Wednesday, February 25, 2009

Sorry about last week, I was in Gran Canaria. Soaking up the sun; fresh fish on the beach; relaxing and not working! Sound good? Well, it was.
But now I'm back and fully charged.

Exciting things afoot. The New York course is filling up and we booked flights this week. Really looking forward to it. Trunk show at Leffot, and then on to San Francisco for another trunk show.

Our new photography is in full flight. It looks really cool, stylish and luxurious. Will post a preview when I can.

We are making a 3 minute movie next week to put on the website.

But back to more serious issues, on Friday I will post more stuff about what I am making on the bespoke shoe front - simple loafers with rubber toe plate and some monk shoes. Fasten your seat belts people!

Friday, February 13, 2009

Norwegian Welt

Funny old game this bespoke thing. A bit like London buses... you know the cliche. I have not stopped until now and blogging is a welcome refuge from the rushing. A bespoke, handsewn shoemaker is not a natural rusher, believe me.

8.30 am, a photograper arrived to discuss a portrait for the new website. Met a new client next. Measured him up, and decided on a black wholecut with scarlet lining. Size 9 with a narrow joint, so it should be an elegant shoe.

Then it was getting ready for a photoshoot on Monday. We are having our Limited Editions and some bespoke shoes photographed, again for the new website. We are aiming for something dark, masculine and cool. Spent forever polishing and packing. Will all be worth it though. We have a new white patent Half-cut which I think is fabulous. Deborah does not agree but there you go. They are really something, bold; tactile; a touch fashion; and ever so slightly vulgar. Strutting shoes. Love 'em!

This week I finished a pair of black Derby boots with plain and grain calf. Norwegian welt, 3/8 sole. Quite something.

I did the welt in a different way this time because the stitches on a Norwegian welt can sometimes be unevenly spread. So this time, instead of making the holes in the insole with the awl before lasting, I made the insole and left it holeless. Once I had lasted them and was ready to welt, I made the awl holes as I went along and the result is splendid. Even length and no wobbles. Unorthodoxy is the way forward I think.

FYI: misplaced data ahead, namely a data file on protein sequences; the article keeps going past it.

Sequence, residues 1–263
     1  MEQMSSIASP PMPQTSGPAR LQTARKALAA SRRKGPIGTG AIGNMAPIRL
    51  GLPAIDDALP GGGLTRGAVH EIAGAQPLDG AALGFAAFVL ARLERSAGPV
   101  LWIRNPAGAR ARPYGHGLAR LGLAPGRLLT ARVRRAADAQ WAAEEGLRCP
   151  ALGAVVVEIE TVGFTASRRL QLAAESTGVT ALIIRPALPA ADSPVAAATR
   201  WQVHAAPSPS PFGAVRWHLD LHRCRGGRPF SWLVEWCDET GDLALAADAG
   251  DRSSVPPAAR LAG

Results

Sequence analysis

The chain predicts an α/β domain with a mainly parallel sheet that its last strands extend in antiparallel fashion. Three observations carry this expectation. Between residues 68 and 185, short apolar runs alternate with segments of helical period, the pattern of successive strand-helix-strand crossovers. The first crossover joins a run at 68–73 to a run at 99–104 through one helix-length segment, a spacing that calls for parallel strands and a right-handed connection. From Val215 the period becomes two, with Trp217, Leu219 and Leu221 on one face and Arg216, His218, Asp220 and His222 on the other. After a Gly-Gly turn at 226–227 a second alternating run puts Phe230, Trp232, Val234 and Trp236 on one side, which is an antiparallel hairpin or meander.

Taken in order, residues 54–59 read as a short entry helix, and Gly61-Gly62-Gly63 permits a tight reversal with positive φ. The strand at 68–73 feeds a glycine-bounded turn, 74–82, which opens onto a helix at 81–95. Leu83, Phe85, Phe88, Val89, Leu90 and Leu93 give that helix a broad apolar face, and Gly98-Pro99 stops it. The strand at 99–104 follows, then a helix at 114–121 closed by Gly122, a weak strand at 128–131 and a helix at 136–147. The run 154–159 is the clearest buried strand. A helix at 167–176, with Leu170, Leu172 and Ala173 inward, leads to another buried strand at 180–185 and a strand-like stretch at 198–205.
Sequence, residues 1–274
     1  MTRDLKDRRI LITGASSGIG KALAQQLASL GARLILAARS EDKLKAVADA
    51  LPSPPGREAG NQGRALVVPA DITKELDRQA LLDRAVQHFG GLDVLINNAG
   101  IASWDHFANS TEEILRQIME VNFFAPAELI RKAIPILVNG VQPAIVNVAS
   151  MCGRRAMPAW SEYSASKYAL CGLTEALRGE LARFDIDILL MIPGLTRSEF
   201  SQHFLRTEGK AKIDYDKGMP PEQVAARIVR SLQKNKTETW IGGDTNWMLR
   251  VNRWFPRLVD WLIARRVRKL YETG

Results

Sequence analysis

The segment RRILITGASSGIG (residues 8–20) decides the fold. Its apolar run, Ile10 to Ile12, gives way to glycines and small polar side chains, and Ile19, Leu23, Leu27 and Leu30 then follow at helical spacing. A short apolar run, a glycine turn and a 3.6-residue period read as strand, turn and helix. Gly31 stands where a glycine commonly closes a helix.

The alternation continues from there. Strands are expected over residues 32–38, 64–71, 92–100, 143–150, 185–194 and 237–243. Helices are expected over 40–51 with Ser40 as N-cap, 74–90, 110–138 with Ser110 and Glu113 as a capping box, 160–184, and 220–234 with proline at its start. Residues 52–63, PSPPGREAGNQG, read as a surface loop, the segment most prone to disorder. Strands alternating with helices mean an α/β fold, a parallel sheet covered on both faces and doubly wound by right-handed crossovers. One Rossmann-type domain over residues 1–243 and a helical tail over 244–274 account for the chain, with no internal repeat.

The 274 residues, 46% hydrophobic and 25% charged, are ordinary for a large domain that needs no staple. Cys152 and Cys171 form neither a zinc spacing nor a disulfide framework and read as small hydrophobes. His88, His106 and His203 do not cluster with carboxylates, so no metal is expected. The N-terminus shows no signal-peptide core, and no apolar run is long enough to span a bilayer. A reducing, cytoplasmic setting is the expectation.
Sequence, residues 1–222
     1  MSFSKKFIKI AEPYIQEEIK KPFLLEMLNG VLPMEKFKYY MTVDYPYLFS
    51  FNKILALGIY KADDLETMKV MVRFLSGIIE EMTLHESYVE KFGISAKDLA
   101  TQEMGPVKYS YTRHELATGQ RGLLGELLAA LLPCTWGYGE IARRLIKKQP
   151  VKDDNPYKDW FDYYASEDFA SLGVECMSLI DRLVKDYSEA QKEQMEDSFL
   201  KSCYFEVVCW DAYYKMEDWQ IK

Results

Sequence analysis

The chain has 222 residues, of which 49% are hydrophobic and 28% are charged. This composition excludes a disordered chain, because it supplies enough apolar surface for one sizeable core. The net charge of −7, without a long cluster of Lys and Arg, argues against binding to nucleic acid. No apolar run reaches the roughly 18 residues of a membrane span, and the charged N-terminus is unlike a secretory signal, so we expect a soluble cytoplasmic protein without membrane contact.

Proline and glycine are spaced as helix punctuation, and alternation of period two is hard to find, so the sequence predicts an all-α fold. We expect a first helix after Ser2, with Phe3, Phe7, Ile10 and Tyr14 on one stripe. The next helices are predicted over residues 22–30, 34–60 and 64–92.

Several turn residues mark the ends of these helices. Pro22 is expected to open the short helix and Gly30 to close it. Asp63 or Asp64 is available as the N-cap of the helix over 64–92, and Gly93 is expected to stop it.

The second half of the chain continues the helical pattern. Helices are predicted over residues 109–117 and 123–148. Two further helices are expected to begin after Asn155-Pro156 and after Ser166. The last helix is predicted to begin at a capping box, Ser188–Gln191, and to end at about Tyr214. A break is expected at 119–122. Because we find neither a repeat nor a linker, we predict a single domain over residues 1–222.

A Norwegian welt also has the problem of finishing the edge. Because the upper is the welt, it is difficult to get a solid hard finish. I sometimes think a storm welt may be better for this reason. I do like the fact that it shows the handmade nature of the construction though. The other thing I did was to finish the sole differently than normal. Half black, half natural. It looks good and is how the shoe will look after it is worn. What do you think?

Friday, February 6, 2009

Rubber Top Piece

Belts and snow.

Friday again! Where does the week go?

I lost a day this week to a combination of the weather and the inability of the UK to cope with snow. On Monday morning I awoke to 10cm of snow and no public transport. So no work. The street was filled with excited children flinging snowballs in that crazed manner only achievable in chidhood. And some wonderful snowmen for company. Fantastic!

Back to work. Those eccentric pumps are finished. Two further curiosities. A full rubber top piece and some perforations to cool the feet. Patent leather is calf with an acrylic surface. It thus loses some of it's breathability and can be hot. Clients sometimes complain that leather soled shoes and top pieces can be slippery, hence the rubber top piece. This guy knows what he wants which is great. These shoes are obviously going to see some action!

Belts. We have just delivered a lovely belt to a client to match some shoes. Beautiful work. One of our closers does our belts and he is a fantastic craftsman. He is old school; apprenticeship with John Lobb Ltd and years of experience. His fingers carry the magic and they can simply do the work effortlessly. The sage green piping is milimetrically perfect. What do you think?